My good buddy (ahem, ahem, cough, cough), doesn’t really seem to say anything in his latest op-ed.
So I guess I’ll have to ride to his rescue, as friends often do.
Murder doesn’t take a day off around here because we can’t seem to get rid of our dindus. Mind you, our dindus, for some odd reason, have been especially agitated over the last five years, especially over the last three years, for some reason I can’t seem to (cough, cough, Trayvon) put my fingers on (cough, cough, Fergaza Strip).
I do see something a wee bit contradictory here. Messenger, in a round about way, claims that Dotson is just peddling excuses when, among other things, he leans on the “weak gun laws” crutch, but then, just a few words later, he gushes all over Lyda’s “courage” because she stayed in the city and “started a political career” to combat violence. Putting the pieces together, most of her anti-violence political energy ever since she first won alderwoman in 1997 was been to caterwaul about guns.
Backing up for a moment, Messenger alludes to Dotson leaning on the crutch of “pointing out that the city’s homicide numbers are skewed compared to most big cities because of the city’s separation from St. Louis County.” That’s the excuse the CVC cooked up more than three years ago, and it only took me a few moments to blow through it.
One more thing:
Politics won’t fix the city’s murder problem. Neither will a new chief. The challenge is greater than that. Step one is to follow the advice of Dan Isom, the chief who preceded Dotson.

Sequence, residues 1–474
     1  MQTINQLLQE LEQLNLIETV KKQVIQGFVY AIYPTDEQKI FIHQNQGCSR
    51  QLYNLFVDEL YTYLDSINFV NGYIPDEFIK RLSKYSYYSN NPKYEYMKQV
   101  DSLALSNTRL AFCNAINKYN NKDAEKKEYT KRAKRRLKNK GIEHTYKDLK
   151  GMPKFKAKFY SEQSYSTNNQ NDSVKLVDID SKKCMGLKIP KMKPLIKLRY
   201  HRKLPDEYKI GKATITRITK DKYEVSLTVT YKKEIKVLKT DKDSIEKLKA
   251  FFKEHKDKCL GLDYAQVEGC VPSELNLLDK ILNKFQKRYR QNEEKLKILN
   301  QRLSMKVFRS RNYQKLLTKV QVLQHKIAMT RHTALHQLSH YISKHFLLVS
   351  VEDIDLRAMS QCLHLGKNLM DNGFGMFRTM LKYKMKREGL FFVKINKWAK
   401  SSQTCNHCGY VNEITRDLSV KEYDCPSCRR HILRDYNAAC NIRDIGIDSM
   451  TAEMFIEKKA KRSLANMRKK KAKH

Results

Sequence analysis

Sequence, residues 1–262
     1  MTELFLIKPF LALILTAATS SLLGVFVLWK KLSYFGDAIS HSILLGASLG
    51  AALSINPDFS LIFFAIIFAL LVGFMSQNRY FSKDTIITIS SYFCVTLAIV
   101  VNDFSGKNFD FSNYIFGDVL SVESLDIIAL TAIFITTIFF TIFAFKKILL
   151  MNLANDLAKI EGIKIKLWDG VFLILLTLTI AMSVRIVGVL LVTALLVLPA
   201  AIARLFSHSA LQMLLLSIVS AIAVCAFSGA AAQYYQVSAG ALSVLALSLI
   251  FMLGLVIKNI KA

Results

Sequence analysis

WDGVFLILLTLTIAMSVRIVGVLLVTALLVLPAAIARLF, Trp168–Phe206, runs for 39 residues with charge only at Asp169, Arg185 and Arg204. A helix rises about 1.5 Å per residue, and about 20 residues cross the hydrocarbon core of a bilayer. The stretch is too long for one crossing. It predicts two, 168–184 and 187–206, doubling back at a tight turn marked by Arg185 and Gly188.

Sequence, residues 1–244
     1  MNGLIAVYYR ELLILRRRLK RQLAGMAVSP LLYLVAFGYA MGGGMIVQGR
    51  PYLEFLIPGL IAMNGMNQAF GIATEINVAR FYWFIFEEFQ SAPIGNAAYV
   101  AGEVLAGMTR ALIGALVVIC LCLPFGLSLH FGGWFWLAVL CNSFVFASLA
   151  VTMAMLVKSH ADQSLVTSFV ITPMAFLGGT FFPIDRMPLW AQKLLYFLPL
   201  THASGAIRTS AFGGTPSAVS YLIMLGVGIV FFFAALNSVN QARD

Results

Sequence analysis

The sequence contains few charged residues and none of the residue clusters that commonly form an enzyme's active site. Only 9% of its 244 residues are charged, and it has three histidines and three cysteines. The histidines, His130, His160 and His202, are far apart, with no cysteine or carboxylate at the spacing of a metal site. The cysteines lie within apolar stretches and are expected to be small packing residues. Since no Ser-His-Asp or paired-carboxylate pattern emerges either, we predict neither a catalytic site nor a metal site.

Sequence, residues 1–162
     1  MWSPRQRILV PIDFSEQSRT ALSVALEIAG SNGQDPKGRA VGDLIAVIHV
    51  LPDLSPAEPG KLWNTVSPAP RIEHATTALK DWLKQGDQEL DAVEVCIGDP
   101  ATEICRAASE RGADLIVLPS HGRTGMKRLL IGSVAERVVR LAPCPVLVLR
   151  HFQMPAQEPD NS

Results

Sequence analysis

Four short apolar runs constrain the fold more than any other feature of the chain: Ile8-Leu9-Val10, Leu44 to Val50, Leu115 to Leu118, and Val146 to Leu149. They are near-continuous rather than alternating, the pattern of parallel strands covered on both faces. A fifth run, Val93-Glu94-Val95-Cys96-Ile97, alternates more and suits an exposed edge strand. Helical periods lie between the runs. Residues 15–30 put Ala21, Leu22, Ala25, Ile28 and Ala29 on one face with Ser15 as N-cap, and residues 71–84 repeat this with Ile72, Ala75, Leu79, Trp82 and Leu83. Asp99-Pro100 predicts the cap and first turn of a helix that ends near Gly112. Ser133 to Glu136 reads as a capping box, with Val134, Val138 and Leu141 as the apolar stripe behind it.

“How much do you care about every person who has lost their life in the city of St. Louis?” Isom asked at a mayoral forum in February. Each of the 47 people who as of Friday had lost their lives in the city has a story. They were utility workers and sportsmen. They were students and basketball players. They were husbands, and wives, who leave behind, perhaps, a spouse who will dedicate her life to solving the violence that has plagued this Midwestern city for decades.
The problem is that Isom is the only person of major public consequence who wants us to think about the victims. Because if we actually did start thinking about the victims, then we’ll notice things and conclude that most of them are the same kind of thugs that murdered them. Most of the rest are innocent white people, which then forces us to think about anti-white hate crimes, which of course ((())) and Co. absolutely don’t want.